A methodology proposed by the Boeing Airplane Group offers a different view of the Controller Intervention Buffer. This work sees the CIB as being external and additional to published standards stating “The controller must provide buffers larger than actual separation minima in order to minimise the chance of separation infractions.” Most of the important elements of the CIB are recognised in this work but it is assumed that the ATC system and ultimately the controller will dynamically vary the CIB as conditions such as traffic density change.

The question of whether or not to include conflict recognition time in the CIB has been the subject of some debate. The following draft policy includes such an allowance since it is recognized that differing types of surveillance systems will utilize differing conflict recognition methods. Complex software tools such as route probes and STCAs could assist conflict recognition. On the other hand detection of conflict could remain largely procedural as in the model proposed in the RGCSP WP/7.

Conclusion

The two concepts of the Controller Intervention Buffer discussed here show an interesting diversity of approach between suppliers of ATM and aircraft systems and the developers of the standards by which those systems are applied.

This highlights the fact that IFATCA needs to make the controller’s needs known through contact with ATM and aircraft systems developers as well as through its participation in ICAO and other administrative forums.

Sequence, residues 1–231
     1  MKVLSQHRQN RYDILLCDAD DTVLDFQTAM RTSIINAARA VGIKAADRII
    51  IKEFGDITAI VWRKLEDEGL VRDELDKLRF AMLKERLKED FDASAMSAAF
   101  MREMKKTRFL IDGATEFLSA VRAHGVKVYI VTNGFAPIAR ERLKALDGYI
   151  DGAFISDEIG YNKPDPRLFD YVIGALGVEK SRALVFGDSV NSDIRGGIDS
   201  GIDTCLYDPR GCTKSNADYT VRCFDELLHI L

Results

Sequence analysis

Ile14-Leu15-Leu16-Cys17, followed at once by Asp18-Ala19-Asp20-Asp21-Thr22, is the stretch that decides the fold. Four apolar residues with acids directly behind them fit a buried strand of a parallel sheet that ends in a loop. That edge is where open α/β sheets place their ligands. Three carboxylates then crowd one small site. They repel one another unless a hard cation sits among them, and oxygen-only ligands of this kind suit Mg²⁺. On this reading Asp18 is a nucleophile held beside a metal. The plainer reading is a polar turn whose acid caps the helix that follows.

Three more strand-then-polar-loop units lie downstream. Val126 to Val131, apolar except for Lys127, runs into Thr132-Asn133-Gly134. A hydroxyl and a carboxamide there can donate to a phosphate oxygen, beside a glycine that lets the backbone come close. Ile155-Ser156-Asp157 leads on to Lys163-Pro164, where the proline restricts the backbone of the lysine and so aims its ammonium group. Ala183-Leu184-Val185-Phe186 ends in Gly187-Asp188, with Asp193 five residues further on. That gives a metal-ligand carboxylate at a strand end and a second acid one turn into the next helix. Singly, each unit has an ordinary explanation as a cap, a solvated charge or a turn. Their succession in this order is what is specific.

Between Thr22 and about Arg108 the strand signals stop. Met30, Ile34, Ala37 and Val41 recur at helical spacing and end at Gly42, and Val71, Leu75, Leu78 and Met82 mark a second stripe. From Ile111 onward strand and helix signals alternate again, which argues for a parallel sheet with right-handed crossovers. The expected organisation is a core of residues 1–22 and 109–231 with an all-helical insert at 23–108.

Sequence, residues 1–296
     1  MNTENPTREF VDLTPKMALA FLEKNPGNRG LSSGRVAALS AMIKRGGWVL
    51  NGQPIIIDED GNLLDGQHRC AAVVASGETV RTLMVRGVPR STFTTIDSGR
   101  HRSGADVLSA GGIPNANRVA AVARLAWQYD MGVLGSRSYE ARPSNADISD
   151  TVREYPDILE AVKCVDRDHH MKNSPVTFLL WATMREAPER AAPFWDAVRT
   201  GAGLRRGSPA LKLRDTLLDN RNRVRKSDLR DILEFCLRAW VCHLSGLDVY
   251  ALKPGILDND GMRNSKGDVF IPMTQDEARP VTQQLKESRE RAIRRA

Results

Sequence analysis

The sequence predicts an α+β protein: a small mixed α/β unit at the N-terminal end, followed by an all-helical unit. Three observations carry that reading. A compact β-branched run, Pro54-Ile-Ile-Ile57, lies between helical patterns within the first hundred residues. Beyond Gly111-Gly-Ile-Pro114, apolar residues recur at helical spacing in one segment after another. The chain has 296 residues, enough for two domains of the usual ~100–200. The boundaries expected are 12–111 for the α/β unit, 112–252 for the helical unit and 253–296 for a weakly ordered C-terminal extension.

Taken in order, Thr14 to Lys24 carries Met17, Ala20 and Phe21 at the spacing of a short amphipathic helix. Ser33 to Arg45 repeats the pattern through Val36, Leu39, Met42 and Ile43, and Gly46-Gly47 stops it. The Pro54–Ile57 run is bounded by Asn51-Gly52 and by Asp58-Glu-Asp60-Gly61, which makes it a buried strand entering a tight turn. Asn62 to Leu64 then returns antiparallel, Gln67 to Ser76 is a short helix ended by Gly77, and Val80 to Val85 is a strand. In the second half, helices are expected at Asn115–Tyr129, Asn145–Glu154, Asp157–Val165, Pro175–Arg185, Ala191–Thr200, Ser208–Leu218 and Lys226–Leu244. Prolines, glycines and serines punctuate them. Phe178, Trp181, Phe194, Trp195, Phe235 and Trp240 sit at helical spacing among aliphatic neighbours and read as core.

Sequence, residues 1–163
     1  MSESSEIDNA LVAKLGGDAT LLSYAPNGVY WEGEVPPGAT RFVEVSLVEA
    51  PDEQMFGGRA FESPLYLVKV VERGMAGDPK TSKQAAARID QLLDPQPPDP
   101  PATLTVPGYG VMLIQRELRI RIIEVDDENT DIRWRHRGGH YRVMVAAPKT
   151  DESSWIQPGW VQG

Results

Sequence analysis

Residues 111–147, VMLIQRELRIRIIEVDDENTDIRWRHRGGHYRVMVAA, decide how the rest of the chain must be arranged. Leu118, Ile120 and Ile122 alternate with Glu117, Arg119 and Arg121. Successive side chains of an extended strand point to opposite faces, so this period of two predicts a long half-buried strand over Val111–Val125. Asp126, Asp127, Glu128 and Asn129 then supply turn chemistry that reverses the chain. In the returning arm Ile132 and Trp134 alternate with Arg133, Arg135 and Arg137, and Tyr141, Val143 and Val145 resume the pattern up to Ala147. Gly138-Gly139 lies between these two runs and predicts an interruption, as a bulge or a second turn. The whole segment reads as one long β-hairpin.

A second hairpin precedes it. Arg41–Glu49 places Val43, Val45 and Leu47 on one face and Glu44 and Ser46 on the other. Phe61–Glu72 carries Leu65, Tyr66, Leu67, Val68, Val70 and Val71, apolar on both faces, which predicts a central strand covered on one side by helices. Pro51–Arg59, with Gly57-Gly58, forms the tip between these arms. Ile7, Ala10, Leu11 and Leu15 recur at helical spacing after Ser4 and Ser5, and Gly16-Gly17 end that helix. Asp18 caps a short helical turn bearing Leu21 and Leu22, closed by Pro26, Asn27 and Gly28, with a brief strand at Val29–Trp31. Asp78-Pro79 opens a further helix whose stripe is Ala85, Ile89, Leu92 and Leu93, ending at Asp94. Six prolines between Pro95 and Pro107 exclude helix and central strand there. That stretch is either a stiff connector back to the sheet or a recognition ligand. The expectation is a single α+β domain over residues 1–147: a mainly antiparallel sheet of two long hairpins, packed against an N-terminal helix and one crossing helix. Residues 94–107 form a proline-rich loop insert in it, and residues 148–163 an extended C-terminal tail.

ATC systems should be developed with the capability to monitor relevant CIC parameters and warn controllers when they fall outside the values used in determining separation standards in use so that alternative standards can be applied.

All of the parameters used to determine the CIB should be part of the documentation of any such separation standard.

It is recommended that:

The Controller Intervention Buffer be defined as:

The time required for the Air Traffic Controller to intervene ensuring that a collision would be averted in the event that a separation standard being applied breaks down. This will include an allowance:

  • to recognize the ‘blunder’
  • to formulate a solution,
  • to convey instructions to the pilot
  • for the pilot to react and cause the aircraft to achieve the required change of trajectory. 

A Controller Intervention Buffer should be included in the development and specification of any separation standard where controller intervention is used as a risk mitigator.

References

Longitudinal Distance Based Separation Minima in an RNP RNAV Environment: Proposal to Extend the Range of Applicable Minima – RGCSP WG/A WP/8 27/4/98.

Precision Runway Monitor Demonstration Report DOT/FAA/RD-91/5 Feb 1991.

Dr David Anderson – An extended methodology for ADS longitudinal separation standards. RGCSP10 WP/7 May 2000.

Pirrotte, Nakasone, Schwab et al – A proposed Methodology for Operational Enhancement Integration Analysis – ATM Services Boeing Airplane Group. 2000.

Last Update: September 29, 2020  

March 13, 2020   272   Jean-Francois Lepage    2001